What’s a passing phase? What stays? What do you do when what you put in the past gets reincarnated into new things? New people you meet? New places you see? How do you pick up where you left off when you’re under the faulty assumption that it’s at stasis?

This series of work explores locational ambiguity and how to ground identity within this frame. Gary Winogrand and Lucy Lippard’s The Lure of The Local were two staple influences in my production of photographs. Winogrand helped me come to terms with having faith in the richness of everyday life in order to make photographs, while Lippard helped me exist in unfamiliar spaces due to the nourishment of psychological ties to past familiar spaces. Gravitating towards rural landscapes around America that reflected those of my childhood, I found solace in places that had a slowness of living and ignorance to time and the bustling city life that laid on the outskirts. Through these places I discovered an honesty about my subjects- they were unapologetically themselves. They coexisted with nature for entertainment, living purposes, and mental happiness. Nature was their witness and other people didn’t matter. Upon returning to New Jersey, I reacquainted myself with people I haven’t seen since moving away five years ago, and the camera was a vehicle to come to terms on how to construct our relationships. Identity ironically becomes grounded with the acceptance that it’s an ongoing negotiation between people.

Practice Statement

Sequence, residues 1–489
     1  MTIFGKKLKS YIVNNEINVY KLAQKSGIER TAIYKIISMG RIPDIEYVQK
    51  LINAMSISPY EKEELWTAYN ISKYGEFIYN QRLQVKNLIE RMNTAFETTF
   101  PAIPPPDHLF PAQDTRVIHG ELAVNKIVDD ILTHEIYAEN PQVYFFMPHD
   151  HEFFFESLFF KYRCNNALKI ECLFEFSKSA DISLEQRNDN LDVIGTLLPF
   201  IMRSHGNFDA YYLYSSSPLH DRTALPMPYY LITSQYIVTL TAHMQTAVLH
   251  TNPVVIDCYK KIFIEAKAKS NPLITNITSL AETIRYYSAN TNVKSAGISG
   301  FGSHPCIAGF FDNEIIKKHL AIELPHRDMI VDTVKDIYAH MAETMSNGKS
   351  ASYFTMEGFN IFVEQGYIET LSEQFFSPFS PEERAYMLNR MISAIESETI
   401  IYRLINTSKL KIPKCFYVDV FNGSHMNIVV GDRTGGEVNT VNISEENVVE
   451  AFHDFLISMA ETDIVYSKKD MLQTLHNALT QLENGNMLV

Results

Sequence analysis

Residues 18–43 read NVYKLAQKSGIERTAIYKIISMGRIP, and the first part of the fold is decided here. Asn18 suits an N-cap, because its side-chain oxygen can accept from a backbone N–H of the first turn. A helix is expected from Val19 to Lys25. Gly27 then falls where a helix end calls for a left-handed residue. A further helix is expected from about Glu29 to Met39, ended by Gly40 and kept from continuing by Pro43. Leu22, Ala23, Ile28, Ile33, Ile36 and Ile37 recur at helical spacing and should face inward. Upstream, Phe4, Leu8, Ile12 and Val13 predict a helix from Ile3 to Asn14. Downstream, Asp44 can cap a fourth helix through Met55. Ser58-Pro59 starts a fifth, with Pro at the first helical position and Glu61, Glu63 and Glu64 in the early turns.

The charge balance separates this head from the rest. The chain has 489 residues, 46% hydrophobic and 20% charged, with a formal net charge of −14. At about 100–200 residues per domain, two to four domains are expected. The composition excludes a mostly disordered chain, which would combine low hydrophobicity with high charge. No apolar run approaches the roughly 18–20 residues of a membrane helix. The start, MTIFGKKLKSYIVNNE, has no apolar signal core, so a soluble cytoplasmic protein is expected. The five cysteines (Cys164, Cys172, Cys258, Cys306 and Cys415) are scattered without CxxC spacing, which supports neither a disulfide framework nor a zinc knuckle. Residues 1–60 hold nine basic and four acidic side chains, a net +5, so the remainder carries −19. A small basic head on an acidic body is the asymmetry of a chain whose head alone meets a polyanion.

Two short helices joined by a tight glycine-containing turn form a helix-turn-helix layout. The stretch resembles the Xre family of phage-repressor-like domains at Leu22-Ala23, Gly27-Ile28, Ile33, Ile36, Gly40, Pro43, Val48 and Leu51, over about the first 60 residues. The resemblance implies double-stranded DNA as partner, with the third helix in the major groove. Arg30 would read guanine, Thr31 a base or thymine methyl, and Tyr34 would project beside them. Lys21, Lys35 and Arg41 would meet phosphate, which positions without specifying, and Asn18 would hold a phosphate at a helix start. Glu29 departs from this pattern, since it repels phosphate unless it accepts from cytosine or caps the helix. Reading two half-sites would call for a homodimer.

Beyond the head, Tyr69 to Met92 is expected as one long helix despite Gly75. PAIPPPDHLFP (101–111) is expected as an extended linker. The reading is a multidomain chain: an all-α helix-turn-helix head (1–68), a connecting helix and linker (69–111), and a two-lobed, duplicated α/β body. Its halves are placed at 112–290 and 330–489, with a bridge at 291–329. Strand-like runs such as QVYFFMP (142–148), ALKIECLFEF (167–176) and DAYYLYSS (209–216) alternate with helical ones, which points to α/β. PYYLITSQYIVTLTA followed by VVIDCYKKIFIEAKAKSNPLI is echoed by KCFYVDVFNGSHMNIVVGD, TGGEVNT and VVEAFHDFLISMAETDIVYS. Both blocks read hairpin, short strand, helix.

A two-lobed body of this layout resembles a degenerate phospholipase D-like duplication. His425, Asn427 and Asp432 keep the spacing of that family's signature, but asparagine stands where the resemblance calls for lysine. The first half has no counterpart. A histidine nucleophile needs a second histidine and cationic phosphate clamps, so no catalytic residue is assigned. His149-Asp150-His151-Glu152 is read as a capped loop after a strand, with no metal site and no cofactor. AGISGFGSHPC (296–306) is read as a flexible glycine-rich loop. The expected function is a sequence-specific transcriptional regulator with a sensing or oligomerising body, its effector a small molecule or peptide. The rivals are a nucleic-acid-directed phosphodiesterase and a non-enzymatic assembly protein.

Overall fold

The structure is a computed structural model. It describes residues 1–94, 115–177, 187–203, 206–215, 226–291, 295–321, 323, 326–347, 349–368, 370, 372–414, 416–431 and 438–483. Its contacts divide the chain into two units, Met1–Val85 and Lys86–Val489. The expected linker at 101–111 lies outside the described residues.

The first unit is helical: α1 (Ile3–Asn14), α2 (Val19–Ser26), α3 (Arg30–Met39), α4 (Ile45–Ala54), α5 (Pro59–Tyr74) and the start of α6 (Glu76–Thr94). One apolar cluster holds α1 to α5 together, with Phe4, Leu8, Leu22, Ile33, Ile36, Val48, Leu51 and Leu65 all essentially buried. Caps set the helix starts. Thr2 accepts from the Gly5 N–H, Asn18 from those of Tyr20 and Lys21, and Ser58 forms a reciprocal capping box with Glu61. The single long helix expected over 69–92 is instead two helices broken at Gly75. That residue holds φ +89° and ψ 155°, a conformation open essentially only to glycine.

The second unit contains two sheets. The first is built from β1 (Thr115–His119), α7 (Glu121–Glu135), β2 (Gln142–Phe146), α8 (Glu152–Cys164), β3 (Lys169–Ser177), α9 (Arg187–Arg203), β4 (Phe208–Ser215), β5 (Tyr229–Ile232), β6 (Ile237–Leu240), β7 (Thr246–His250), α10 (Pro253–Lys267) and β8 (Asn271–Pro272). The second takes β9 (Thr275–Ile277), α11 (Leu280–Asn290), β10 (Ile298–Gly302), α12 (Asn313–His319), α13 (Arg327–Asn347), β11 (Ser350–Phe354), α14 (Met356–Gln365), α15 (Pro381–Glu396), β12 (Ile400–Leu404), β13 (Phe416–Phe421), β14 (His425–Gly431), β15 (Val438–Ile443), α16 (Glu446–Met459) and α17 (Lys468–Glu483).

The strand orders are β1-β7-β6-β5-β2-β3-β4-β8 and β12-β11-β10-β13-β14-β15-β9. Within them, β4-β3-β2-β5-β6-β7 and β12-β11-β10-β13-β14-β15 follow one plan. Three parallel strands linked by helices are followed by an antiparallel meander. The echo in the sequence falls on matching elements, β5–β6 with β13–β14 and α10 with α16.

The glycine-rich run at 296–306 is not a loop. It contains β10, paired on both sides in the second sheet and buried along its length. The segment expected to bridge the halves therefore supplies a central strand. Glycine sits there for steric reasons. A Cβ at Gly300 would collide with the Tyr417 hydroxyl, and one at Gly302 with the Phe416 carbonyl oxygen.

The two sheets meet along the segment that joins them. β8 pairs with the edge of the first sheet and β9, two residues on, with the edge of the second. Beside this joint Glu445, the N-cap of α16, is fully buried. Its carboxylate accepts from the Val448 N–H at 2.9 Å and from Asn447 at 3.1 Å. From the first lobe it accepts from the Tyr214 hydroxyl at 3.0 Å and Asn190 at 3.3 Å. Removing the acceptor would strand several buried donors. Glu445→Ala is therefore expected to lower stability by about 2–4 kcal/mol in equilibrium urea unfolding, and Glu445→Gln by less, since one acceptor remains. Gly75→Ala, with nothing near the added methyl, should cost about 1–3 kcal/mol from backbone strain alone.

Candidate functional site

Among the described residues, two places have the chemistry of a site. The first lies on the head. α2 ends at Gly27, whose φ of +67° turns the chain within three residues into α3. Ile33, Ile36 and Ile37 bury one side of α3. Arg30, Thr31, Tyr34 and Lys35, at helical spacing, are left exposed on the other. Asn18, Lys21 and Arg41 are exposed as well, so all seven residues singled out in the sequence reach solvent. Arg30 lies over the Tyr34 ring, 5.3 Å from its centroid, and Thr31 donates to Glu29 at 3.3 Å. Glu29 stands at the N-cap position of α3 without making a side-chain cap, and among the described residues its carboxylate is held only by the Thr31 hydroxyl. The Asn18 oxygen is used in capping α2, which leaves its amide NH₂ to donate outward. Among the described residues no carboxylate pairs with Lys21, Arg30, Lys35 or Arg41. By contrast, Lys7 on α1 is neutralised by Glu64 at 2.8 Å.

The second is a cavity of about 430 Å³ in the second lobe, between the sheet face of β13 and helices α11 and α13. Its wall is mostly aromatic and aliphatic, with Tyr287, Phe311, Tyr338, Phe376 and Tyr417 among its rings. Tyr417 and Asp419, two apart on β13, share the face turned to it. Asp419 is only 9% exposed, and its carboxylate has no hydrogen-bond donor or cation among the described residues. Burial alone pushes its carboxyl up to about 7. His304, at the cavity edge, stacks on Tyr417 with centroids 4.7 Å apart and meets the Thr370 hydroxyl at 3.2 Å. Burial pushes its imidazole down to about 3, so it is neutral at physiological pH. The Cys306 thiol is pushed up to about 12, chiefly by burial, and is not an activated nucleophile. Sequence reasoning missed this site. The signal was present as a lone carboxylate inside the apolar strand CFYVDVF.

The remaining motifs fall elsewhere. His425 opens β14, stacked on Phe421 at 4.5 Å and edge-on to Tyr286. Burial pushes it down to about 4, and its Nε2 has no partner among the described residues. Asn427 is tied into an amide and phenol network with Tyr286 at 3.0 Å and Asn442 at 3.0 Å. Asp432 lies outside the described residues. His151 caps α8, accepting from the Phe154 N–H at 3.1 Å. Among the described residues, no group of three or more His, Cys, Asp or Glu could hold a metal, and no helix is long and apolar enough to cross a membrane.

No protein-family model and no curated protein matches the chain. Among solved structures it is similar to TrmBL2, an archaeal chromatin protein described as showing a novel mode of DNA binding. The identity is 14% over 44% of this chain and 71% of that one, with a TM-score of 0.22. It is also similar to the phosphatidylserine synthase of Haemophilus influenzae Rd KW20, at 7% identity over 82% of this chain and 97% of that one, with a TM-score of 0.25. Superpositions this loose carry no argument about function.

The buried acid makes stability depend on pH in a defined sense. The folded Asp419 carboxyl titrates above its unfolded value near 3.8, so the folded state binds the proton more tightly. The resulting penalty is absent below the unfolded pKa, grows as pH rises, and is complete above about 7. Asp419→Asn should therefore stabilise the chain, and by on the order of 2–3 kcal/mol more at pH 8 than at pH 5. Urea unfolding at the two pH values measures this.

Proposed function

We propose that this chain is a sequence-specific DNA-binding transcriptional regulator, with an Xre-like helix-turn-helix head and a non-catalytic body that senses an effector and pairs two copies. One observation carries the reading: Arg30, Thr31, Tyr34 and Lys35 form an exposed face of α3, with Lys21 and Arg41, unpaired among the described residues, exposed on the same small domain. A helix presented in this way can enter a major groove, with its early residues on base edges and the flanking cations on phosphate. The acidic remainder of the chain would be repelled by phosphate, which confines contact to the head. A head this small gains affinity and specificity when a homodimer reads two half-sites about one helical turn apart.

The process of shooting on film is a fix for my on edge anxiety; it washes away my obsessiveness of the moment. To know that all I can do is to let something unfold in front of my eyes and trust the film plane to register it, is the most relieving feeling in the world. And to be honest, there are not a lot of things in this world that makes me feel relieved or are in any way cathartic for me. I won’t know if all ten shots on one roll has the “one”, but thank god I don’t have the burden of checking a screen, scrolling, and having the panic of needing to go back and perfect. With film, “it is what it is”. You react, and let go. Working this way with photography has made it the default coping mechanism for all the other areas in my life. And if the picture comes out horrible, it’s still the most precious gift knowing that maybe experiencing what you saw was far better than ever having it as an object. The process also gifts the feeling of enduring a suspension of time. Send the roll in, time passes, forget the moments that are inscribed on my Portra 160, now a days mostly Tri-X 400. I get it back and fall in love all over again, and most of the time it’s even more than the first time. I place the film on the light box and scan for the one frame when the past and present feel like they have caught up with one another and created something that isn’t even recognizable from when I first saw it. And that’s the feeling I look for every time that makes every thirty dollar box of film worth it. Digital can’t give me that.